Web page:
An interview with Lorraine S. Cohen

Volume 123, No. 3March, 2023


I was nine years old when my father offered me a dollar to play the trumpet. He said I was full of hot air. I accepted his challenge. Unfortunately, I really wanted to play the flute. Come to think of it, I still do.

My first teacher was Donald Stroud. I studied with him from fourth grade to 12th grade and he gave me so much self-confidence. Seymour Rosenfeld (Philadelphia Orchestra) believed in me through my years at Temple University and beyond. My parents (in spite of the “hot air” crack) were constantly at my side and my biggest fans. I feel very lucky to have had their support and encouragement.

I was blown away by Itzhak Perlman the first time I heard him play. He made me feel that leaving your physical body was the only way to perform. I stopped feeling self-conscious once I realized that. And listening to Joan Sutherland’s beautiful long singing phrases strongly influenced the way I approached playing the trumpet. I wanted to sound like that.

Two standouts: the day I won the audition for principal trumpet of the Israel Philharmonic after auditioning for Zubin Mehta and the day I appeared on the Mothers’ Day episode of Maury Povitch and my young son, Adam, introduced me and sat on stage with me through the taping of Flight of the Bumblebee. That last part was terrifying!

Challenges. Here’s where things turn dark. My greatest personal challenge was keeping myself from bringing lawsuits or charges against all the colleagues and arts administrators who committed multiple and constant acts of aggression against me. I was told by Gilbert Johnson (Philadelphia Orchestra) after I auditioned for Curtis that I had no future as a woman trumpet player. (He accepted me the second time I auditioned and he made me first call sub with the Philadelphia Orchestra.) I’ve had things thrown at me in performance. I’ve been purposely shoved while playing. I’ve won auditions but had to watch the jobs go to others — always men. I was the first call sub on a Broadway show for decades and saw the job finally go to a man. I’ve been told by contractors that everyone voted for me but the lead player, who wouldn’t sit next to a woman. Many times I wanted to pursue charges but I knew that I would be punished for doing so and my career meant too much to me to risk it. So, I adopted the ultimate defense. I promised myself I would always play better than any of them! I focused exclusively on that goal. I honed my skills and prepared like hell for every gig.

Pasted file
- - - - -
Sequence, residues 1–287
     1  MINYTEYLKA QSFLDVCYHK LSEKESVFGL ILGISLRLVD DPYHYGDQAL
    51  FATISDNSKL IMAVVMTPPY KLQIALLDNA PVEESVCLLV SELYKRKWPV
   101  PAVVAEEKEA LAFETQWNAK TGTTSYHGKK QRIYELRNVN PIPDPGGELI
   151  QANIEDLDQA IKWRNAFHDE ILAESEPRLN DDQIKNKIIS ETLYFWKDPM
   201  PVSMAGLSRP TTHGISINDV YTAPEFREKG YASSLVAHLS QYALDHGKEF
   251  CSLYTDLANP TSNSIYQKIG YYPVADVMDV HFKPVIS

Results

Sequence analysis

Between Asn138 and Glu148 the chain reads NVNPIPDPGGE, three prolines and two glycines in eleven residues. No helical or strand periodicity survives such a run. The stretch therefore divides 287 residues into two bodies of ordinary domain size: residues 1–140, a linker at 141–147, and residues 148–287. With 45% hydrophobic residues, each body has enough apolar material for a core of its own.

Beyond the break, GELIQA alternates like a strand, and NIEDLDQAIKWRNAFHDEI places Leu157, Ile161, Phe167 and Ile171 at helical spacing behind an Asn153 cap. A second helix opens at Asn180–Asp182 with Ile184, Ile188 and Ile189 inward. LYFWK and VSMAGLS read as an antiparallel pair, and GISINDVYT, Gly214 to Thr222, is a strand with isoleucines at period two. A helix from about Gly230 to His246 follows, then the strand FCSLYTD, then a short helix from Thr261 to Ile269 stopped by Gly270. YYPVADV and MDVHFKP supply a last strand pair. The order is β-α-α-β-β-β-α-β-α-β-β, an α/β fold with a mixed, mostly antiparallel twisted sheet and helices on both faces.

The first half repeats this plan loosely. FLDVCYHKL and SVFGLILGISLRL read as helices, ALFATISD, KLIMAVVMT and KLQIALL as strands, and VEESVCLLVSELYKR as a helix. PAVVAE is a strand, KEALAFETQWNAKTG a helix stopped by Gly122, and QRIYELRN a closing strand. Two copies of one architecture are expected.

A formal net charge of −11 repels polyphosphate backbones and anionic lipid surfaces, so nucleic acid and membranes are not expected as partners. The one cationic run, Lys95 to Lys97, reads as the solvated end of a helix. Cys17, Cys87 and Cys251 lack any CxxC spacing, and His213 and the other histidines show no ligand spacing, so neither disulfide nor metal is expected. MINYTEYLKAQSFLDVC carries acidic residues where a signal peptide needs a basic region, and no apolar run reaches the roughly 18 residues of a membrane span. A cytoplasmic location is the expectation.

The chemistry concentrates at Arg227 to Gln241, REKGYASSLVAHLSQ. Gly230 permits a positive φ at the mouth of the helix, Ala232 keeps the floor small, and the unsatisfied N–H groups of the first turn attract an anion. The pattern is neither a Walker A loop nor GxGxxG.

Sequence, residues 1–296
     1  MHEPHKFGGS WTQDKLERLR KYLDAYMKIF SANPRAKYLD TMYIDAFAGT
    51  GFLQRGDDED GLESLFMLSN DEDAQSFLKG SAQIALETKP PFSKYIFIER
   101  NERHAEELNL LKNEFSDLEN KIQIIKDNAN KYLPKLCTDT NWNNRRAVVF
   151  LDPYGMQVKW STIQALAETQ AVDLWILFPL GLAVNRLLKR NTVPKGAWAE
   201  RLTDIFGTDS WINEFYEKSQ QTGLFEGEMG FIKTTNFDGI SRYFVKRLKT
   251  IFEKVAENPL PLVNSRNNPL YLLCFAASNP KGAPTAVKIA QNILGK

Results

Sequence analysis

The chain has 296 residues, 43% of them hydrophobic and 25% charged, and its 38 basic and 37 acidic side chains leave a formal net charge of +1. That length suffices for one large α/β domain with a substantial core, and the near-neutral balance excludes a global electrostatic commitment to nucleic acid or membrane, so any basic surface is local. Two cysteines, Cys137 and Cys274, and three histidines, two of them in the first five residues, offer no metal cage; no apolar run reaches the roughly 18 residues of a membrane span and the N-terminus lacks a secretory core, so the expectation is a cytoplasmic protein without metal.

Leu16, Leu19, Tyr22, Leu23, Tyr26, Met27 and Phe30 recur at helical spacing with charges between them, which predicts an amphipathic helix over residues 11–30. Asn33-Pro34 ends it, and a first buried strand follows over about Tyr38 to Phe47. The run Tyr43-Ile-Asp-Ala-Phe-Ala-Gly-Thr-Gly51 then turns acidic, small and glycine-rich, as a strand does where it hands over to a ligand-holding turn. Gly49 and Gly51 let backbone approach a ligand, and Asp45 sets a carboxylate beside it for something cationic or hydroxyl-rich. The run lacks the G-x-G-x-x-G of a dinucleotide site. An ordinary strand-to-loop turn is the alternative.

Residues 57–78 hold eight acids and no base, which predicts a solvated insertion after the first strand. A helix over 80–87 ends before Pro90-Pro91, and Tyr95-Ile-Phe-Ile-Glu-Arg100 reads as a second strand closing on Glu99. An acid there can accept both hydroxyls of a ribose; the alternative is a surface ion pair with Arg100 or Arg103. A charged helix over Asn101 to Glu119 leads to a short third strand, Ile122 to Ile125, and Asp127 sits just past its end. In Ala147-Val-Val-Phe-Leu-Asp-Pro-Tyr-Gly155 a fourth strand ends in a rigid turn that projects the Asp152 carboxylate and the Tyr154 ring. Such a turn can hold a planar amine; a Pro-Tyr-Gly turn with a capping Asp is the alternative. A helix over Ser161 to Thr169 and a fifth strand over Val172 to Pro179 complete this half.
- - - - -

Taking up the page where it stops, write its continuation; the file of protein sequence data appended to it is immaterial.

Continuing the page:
Lorraine S. Cohen, trumpet, graduated from The Curtis Institute of Music in 1976. She played trumpet with the Philadelphia Orchestra under Eugene Ormandy from 1973 to 1977. From 1977 to 1979, Ms. Cohen was the principal trumpet of The Hong Kong Philharmonic. From 1979 to 1980, she was the principal trumpet of the Israel Philharmonic under Maestro Zubin Mehta. Moving to New York in 1980 proved to be the right move. She is an original member of the Westchester Philharmonic trumpet section, has played over fifty Broadway shows, and is the principal trumpet of The Queens Symphony Orchestra and the Bronx Arts Ensemble. Ms. Cohen has played with the American Ballet Theatre Orchestra, the American Symphony, is the founder and leader of the New York Brass Trio, and has played trumpet with virtually every orchestra in the tri-state area. She has won a position in the Radio City Christmas Spectacular Orchestra. Most recently, Lorraine was inducted into the Arts Hall of Fame in Springfield Delaware County, Pa. on May 24, 2012.

This interview by Martha Hyde and Sara Cutler first appeared in the March 2023 issue of Allegro, the magazine of the NYC musicians’ union Local 802 as part of a feature called “Women’s Lives, Women’s Stories”